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31 Years Later, 31 Things About The Americans With Disabilities Act

By News Creatives Authors , in Leadership , at July 31, 2021

It’s getting harder every July to write something new or insightful about the Americans with Disabilities Act. It’s difficult even for those of us who have disabilities, and have lived long enough to experience the entire history of the law.

So instead of trying to change perspective on the ADA, or pass some sort of comprehensive verdict on it, here is one disabled American’s brainstorm on “our” civil rights law. Some of these “things” about the Americans with Disabilities Act are objective facts; some are definitely subjective impressions. As always with such things, your mileage may very much vary:

1. It’s hard to recognize all of the activists, policy experts, and lawmakers who were responsible for drafting and passing the ADA. But the Administration for Community Living has a three part history of the ADA, from its early origins to final passage. They mention most of the major leaders and advocates:

2. In one of the final pushes to pass the ADA, over 100 disabled activists crawled up the steps of the U.S. Capitol. It was a dramatic demonstration of both their determination and the nature of inaccessibility itself. It has come to be known as the “Capitol Crawl.”

3. The Americans with Disabilities Act passed in 1990 with a degree of bipartisan support that would be nearly unthinkable in today’s politically polarized climate:

  • House vote in favor – 248 Democrats, 155 Republicans, 9 not voting. 
  • Senate vote in favor – 44 Democrats, 32 Republicans, 16 not voting.

4. A Republican President willingly, and with real pride, signed a sweeping expansion of civil rights and mandates on private, non-government entities.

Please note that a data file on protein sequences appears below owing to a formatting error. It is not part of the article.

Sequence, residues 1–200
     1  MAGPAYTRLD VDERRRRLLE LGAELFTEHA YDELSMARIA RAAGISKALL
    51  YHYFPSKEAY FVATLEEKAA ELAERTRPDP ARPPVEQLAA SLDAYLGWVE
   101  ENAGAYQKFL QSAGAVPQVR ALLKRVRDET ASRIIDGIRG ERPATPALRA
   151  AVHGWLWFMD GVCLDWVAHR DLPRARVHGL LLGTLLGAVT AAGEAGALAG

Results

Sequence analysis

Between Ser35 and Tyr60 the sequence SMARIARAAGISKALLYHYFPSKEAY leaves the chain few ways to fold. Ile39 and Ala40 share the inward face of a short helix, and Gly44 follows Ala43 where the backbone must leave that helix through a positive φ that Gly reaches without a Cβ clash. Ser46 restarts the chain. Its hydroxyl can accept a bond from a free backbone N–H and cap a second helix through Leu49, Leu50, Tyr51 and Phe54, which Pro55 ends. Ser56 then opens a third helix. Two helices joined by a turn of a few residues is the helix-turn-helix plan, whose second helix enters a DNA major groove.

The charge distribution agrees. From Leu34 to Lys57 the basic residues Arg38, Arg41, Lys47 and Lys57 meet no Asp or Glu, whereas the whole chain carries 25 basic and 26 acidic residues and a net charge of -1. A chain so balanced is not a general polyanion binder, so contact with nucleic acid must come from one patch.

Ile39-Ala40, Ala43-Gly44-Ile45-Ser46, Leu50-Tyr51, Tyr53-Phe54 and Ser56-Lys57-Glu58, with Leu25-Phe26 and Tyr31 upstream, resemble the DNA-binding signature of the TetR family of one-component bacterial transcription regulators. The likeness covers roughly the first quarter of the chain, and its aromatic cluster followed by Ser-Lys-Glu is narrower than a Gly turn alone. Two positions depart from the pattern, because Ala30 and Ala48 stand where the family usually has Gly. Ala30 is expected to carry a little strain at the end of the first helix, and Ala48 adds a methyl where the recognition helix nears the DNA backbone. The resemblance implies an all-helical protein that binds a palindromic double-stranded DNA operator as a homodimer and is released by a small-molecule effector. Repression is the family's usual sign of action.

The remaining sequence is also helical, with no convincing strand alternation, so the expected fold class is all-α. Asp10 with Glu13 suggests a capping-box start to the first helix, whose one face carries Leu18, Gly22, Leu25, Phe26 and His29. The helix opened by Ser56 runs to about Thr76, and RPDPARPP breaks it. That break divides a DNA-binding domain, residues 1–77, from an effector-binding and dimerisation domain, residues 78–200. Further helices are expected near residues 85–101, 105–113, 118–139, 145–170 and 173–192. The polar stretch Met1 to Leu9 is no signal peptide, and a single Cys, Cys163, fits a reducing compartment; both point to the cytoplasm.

5. Title I of the ADA deals with Employment. It made denying job opportunities to disabled people because of their disabilities illegal, and mandated “reasonable accommodations” to make individual disabled people’s jobs and workplaces accessible.

6. Title II of the ADA deals with State and Local Government. It applied most of the same accessibility and equal service principles to local governments that had been in effect for the Federal government for at least a decade under Section 504 of the Rehabilitation Act. States, counties, and municipalities were also required to develop detailed plans for ADA compliance, including timetables. It also required public transportation to be fully accessible on a timetable, and provide paratransit for disabled people unable to use regular transit routes.

7. Title III of the ADA deals with Public Accommodations –– that is, businesses and other private facilities open to the public. It applied accessibility standards to most businesses and prohibited denying equal service to disabled customers.

8. Title IV of the ADA deals with Telecommunication. It required implementation of close captioning and TTY services nationwide.

9. The ADA includes comprehensive, detailed, periodically updated, and freely available accessibility standards for nearly every type of building and facility.

10. The ADA also for the first time required private businesses and employers to individually accommodate people with disabilities and their unique assistance needs in order to provide equal service.

11. The ADA’s accessibility requirements aren’t the same for every location. They were divided into three groups:

  • Buildings built after 1992 must be fully accessible.
  • Portions of buildings substantially renovated or added to after 1992 must be fully accessible.
  • Buildings built before 1992 and not substantially renovated must be made accessible to the extent it is “readily achievable.”

12. Of course, after 31 years, far fewer buildings meant for public and business use can really be exempt from ADA accessibility requirements. There are far more buildings constructed or renovated since 1992, and existing structures have had plenty of time to make “readily achievable” accessibility modifications.

13. The ADA does not cover religious institutions, except where they are employers. At least some churches, synagogues, and other religious institutions have nevertheless made at least some effort to use ADA accessibility and accommodation guidance to improve equal service for their disabled members